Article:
Meet someone new. Meet them because they are interesting. Meet them because they have an enticing smile, an interesting tattoo, or stomped in a puddle with more vigor than you've ever seen. Meet them because you wouldn’t normally talk to them.
Simply have a conversation with someone you’ve not met before.
Why:This is as much for the people you're meeting as it is for you. We're starting The Brave New with a simple challenge that may be the most important of the entire project, as it involves breaking down social walls for you and, to some extent, the people around you. Why, as a society, haven't we made a habit out of knowing the people around us? Nothing bad will happen, to put it simplistically.
Bonus points!Make a friend. Make three friends! Make five friends! Don't make four friends. Four's a terrible number. In China, they don't have a fourth floor on most elevators, because the word for "four" sounds a lot like the word for "die". True story.
How many people that you meet can extend into actual relationships? Exchange phone numbers, email addresses, Facebook adds, and home address if you're so inclined, and don't if you're not. Remember, the world's not always a safe place, so use your discretion here.
It seems the most difficult place one can possibly endeaver to meet another human being is the super market. This is problematic for me, because I’m a confirmed bachelor, and often have difficulties navigating the complexities of super markets. Buying groceries requires the kindness and direction of strangers, lest I cook myself up a nice big box of generic soap flakes which I thought to be grits.
Tonight, I found myself staring blankly at a selection of pears. I had no idea pears had so many variables. Apparently one must consider the variety of pear, the ripeness of the pear, and, furthermore, what you’re pairing the pear with. Once homonyms got involved, I just couldn’t cope. I went into a bachelor coma, hoping that someone would leap in and announce which pear I should buy, freeing me from my catatonic state.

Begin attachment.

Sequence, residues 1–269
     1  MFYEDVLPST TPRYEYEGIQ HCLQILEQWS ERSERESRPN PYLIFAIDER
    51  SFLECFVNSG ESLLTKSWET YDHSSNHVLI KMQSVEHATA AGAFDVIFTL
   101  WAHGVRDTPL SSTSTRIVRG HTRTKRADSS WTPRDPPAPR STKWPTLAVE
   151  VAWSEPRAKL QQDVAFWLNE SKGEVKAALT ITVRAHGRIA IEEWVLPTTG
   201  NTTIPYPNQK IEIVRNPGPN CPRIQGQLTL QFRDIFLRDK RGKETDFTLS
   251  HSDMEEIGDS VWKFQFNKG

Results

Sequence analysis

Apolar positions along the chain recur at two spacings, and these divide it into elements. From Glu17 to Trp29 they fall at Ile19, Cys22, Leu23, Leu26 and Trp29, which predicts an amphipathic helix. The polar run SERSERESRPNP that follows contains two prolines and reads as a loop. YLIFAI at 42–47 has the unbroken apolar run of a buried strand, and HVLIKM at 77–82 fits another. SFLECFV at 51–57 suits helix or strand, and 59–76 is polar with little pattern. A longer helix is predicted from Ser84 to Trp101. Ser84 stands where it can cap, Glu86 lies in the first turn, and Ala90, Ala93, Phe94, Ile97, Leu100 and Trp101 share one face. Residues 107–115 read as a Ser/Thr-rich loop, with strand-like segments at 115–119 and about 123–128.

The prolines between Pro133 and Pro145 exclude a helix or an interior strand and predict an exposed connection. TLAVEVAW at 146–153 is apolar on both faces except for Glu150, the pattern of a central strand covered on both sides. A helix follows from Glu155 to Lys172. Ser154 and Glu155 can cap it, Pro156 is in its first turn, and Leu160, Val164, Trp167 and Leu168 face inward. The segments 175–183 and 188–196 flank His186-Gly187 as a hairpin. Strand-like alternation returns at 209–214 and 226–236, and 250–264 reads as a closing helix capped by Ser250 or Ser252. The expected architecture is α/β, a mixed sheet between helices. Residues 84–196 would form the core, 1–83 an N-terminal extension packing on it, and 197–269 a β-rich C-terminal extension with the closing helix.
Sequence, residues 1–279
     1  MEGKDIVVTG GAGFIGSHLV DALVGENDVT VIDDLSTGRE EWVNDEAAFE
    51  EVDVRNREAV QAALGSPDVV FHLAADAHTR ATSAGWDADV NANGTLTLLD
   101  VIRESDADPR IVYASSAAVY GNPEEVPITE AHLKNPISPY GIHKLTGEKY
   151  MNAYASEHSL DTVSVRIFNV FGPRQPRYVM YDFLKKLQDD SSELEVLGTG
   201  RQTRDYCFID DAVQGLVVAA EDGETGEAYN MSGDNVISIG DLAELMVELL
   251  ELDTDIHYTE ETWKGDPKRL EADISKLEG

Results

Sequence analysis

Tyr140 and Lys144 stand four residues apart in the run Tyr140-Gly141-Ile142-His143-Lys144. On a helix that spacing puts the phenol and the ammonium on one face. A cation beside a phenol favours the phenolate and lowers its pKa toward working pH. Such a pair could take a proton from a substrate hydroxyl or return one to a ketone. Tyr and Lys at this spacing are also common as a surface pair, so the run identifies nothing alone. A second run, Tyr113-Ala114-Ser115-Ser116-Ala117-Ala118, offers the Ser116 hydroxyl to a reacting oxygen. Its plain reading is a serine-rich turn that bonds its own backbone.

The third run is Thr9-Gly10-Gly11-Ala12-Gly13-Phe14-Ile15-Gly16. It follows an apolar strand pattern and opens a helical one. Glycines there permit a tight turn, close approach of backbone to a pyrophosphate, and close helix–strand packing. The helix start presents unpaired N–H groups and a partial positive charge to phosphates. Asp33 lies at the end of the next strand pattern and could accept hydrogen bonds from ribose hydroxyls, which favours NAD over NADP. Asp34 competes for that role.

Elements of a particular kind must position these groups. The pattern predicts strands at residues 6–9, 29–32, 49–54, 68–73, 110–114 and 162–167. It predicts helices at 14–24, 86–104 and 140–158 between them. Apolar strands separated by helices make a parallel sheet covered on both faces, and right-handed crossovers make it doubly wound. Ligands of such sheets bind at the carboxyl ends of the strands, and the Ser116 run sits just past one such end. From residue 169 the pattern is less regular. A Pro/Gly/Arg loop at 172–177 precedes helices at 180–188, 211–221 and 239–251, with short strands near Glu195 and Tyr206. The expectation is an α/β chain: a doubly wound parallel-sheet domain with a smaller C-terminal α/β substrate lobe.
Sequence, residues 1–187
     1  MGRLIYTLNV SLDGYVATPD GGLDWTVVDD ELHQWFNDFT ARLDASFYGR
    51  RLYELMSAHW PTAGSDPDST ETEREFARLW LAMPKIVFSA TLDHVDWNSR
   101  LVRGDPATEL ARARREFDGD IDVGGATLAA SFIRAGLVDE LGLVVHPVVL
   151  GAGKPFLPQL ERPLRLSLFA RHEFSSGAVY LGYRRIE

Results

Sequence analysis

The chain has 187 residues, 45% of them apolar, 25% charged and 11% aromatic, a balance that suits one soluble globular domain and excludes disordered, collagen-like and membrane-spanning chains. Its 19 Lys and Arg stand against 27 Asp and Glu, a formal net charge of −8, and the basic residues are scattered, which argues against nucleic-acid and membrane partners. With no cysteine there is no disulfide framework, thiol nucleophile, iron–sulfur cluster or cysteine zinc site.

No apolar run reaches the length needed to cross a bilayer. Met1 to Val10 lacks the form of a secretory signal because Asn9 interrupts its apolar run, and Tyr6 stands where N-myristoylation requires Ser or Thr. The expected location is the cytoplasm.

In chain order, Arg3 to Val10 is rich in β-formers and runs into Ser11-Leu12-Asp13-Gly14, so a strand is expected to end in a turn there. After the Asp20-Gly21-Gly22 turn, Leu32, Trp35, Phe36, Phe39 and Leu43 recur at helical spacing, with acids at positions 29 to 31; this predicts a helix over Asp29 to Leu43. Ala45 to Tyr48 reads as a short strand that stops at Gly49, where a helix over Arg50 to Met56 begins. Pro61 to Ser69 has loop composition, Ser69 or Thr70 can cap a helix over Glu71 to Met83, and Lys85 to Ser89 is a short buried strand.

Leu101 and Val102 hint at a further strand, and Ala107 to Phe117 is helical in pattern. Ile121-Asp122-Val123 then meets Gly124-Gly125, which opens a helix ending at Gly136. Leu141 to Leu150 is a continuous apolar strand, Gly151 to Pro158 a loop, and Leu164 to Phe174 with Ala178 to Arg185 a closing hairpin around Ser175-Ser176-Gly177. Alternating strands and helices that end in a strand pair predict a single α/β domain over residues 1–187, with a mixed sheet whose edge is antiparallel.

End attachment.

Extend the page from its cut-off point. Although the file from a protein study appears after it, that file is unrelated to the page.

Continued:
I noticed a woman fondling pears next to me, so I issued a weak “Umm, excuse me.” The woman froze, eyes darting around in a panic. She set down her pears and quickly walked away. I can’t judge the woman, the world isn’t a safe place, but this particular Trader Joe’s is not in a hotspot for produce-related assault and battery. I was wearing pants at the time, and can’t imagine I looked like anything other than a well-dressed, albeit slightly pathetic, business man staring at fruit.
I eventually abandoned the fruit, and noticed an older woman struggling to open a bag of coffee beans. I helped her open the bag of beans so she could grind them, and she explained that a past broken thumb has largely rendered her hands useless for opening bags of beans. I introduced myself, shook hands, and she seemed like a nice woman. Her name is Carrie.
While nothing particularly fruitful came of this, pun somewhat intended as I stare at the spot on my plate where a pear should be, I’m hopeful that maybe Carrie will help the next young man struggling in a supermarket as I helped her. Now I’m going to watch Monty Python until I understand why one must worry about weaponized produce.
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